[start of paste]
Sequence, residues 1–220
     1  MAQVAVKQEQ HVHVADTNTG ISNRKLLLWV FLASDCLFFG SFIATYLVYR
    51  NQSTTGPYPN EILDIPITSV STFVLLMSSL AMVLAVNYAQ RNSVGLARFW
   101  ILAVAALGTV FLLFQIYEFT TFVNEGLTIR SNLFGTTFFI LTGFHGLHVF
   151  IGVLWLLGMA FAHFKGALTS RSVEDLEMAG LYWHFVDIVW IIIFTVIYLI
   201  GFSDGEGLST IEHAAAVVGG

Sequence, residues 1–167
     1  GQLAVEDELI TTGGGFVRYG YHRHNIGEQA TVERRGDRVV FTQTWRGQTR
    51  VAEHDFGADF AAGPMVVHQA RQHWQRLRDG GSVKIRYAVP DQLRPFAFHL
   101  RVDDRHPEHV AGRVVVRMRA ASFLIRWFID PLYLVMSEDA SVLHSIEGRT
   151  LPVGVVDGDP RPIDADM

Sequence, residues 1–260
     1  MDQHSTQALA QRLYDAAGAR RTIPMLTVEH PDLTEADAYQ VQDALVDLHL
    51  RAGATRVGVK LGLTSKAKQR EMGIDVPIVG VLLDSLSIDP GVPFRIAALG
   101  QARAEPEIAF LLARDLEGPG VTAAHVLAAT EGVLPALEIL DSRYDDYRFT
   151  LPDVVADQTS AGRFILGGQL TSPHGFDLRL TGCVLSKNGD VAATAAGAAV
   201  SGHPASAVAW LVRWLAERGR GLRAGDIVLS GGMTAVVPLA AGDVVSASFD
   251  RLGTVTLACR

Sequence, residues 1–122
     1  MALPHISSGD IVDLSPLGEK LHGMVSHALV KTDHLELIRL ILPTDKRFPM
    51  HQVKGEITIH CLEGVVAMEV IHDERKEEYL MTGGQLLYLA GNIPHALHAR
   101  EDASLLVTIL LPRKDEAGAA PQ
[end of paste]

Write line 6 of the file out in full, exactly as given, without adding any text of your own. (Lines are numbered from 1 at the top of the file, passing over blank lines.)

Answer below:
   201  GFSDGEGLST IEHAAAVVGG